The story is Jimmy was getting grilled by Bobby Kennedy who was the chief counsel of the 1957–59 Senate Labor Rackets Committee under chairman John L. McClellan. On this day in 1964, Hoffa, then Teamsters Union President, was sentenced to five years in federal prison for defrauding his union’s pension fund. In 1971, President Richard Nixon commuted his sentence.
Hedwig Reicher in the costume of “Columbia” in suffrage pageant at the US Treasury building in DC on March 3, 1913, part of the Woman Suffrage Parade of 1913
Less than a century ago, women in the United States were not guaranteed the right to vote. Many courageous groups worked hard at state and local levels throughout the end of the 19th century, making some small gains toward women’s suffrage. In 1913, the first major national efforts were undertaken, beginning with a massive parade in Washington, D.C., on March 3 — one day before the inauguration of President Woodrow Wilson. Organized by Alice Paul for the National American Woman Suffrage Association, the parade, calling for a constitutional amendment, featured 8,000 marchers, including nine bands, four mounted brigades, 20 floats, and an allegorical performance near the Treasury Building. Though the parade began late, it appeared to be off to a good start until the route along Pennsylvania Avenue became choked with tens of thousands of spectators — mostly men in town for the inauguration. Marchers were jostled and ridiculed by many in the crowd. Some were tripped, others assaulted. Policemen appeared to be either indifferent to the struggling paraders, or sympathetic to the mob. Before the day was out, one hundred marchers had been hospitalized. The mistreatment of the marchers amplified the event — and the cause — into a major news story and led to congressional hearings, where the D.C. superintendent of police lost his job. What began in 1913 took another seven years to make it through Congress. In 1920, the Nineteenth Amendment secured the vote for women.
Senator Harry Reid should have punched John Boehner in the throat, that’ll give him something to cry about…
I really want to see John Boehner and Barack Obama fight in THUNDERDOME!!!
Two men enter, one man leaves.
Congress should pass the ‘Battle Royale’ act, where all our elected officials in the House of Representatives are locked in a room, all lines of communication with the outside world will be severed, and they are left in there until an agreement can be reached (or they can just kill each other off until only one remains, then that person gets to choose policy for the year.)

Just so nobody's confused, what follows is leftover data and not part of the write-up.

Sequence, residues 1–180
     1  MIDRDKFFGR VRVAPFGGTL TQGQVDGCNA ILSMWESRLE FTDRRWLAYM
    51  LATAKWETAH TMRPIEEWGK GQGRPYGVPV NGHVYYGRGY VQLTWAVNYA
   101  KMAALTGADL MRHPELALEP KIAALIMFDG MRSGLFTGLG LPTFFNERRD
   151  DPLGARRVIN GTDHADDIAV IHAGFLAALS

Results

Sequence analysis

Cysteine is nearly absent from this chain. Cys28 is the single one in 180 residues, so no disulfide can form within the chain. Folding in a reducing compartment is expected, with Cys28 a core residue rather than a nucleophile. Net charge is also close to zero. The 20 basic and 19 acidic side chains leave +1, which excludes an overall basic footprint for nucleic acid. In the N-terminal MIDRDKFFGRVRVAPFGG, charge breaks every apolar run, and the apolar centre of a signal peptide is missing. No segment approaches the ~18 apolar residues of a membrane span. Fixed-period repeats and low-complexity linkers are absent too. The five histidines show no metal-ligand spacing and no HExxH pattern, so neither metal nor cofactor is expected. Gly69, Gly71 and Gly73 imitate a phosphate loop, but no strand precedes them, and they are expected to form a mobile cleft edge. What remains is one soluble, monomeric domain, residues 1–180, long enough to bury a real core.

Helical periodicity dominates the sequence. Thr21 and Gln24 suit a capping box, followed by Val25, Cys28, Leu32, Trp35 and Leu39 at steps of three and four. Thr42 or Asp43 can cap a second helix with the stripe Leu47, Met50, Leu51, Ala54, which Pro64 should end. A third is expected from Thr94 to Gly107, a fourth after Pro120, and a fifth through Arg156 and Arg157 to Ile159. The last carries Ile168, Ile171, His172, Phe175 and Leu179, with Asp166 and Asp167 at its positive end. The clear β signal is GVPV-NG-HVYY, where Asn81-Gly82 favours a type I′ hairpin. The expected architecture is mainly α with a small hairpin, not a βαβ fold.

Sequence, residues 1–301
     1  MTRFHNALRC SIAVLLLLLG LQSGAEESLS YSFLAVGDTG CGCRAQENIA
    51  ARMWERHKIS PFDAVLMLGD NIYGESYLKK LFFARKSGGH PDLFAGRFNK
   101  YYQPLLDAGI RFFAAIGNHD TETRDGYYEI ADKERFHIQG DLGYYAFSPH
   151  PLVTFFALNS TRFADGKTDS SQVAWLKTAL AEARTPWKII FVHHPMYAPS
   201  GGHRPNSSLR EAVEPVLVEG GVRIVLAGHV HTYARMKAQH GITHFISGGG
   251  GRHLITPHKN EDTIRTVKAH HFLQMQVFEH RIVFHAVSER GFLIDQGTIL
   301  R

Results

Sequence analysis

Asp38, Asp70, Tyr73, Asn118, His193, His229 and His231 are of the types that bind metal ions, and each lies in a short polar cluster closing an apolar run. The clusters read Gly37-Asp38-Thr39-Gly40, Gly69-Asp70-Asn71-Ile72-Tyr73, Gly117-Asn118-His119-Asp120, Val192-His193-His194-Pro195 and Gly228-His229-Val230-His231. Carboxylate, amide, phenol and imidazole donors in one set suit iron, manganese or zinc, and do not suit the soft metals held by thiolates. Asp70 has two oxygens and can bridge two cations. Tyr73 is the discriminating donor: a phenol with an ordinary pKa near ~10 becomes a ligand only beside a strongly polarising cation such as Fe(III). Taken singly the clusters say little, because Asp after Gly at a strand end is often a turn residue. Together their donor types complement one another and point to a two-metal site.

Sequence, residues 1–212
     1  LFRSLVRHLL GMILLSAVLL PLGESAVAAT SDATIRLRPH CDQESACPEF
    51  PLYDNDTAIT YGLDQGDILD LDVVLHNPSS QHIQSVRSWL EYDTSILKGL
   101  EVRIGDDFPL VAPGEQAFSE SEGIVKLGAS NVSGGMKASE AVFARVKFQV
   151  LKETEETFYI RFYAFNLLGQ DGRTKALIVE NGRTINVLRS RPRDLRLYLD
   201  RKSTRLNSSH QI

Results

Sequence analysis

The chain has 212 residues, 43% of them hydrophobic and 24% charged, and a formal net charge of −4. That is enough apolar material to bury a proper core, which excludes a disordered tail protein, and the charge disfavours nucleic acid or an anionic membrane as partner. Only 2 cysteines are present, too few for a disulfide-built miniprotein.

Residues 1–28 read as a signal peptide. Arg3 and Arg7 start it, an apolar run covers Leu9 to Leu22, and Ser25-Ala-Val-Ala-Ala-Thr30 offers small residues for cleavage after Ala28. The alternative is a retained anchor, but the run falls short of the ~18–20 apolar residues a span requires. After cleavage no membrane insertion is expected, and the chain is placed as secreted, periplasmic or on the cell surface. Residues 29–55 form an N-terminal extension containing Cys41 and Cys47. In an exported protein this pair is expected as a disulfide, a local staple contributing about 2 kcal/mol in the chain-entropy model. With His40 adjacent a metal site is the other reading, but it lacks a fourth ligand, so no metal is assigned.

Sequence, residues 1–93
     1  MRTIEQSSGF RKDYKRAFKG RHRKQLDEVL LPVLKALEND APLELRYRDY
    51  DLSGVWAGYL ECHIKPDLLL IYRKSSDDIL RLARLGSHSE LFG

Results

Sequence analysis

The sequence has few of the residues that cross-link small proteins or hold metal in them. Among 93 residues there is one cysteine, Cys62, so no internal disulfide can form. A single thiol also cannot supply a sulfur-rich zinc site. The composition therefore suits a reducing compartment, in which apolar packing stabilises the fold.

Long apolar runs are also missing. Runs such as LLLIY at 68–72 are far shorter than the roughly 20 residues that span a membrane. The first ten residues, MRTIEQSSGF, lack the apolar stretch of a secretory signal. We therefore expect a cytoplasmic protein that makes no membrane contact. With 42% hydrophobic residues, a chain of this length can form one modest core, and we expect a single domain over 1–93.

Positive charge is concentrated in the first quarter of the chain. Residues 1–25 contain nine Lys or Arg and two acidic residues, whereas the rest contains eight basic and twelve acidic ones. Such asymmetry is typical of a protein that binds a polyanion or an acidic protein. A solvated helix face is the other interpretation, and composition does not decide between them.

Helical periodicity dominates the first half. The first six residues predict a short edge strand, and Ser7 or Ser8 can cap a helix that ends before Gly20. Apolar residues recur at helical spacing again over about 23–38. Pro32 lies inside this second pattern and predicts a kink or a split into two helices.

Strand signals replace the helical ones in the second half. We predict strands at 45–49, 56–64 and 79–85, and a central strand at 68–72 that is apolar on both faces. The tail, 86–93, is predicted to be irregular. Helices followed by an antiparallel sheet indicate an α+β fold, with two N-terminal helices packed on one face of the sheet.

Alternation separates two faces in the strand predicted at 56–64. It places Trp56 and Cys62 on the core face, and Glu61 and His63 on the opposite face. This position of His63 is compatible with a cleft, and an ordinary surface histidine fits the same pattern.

***The Pay Per View revenue alone would clear the deficit.***
Senator Harry Reid’s boring demeanor and refusal to be phony apparently rubs many people the wrong way. But choking a dangerous mafia man, getting a bomb strapped to his car for daring to act against the mafia in Vegas, as well as not withholding punches from Sen Ted Cruz and Tea Party obstructionists make him a bad-ass in my book.
He has a very confrontational style when it comes to the Tea Party. If he doesn’t like something, and doesn’t hesitate to criticize it. Such candor from a politician is a refreshing break from the usual self-interest based hesitancy to make such remarks. He has called the extreme ring wing fraction of the Republican Party, “anarchists” and “reckless”; he’s said they’ve “lost their minds” and need to “get a life”; and during this government shutdown his office leaked private emails with House Speaker John Boehner’s chief of staff.
The emails show that before the House speaker demanded an end to health-care subsidies for congressional staffers, he vigorously fought behind the scenes to procure them. It appears that Boehner’s public reversal on this position made Reid and Democrats reach their breaking points. “Speaker Boehner has a credibility problem,” Reid said in a statement. “From refusing to let the House vote on a bill that was his idea in the first place, to decrying health-care subsidies for members of Congress and staff that he worked for months to preserve, to stating that the House doesn’t have the votes to pass a clean CR at current spending levels, there is now a consistent pattern of Speaker Boehner saying things that fly in the face of the facts or stand at odds with his past actions.”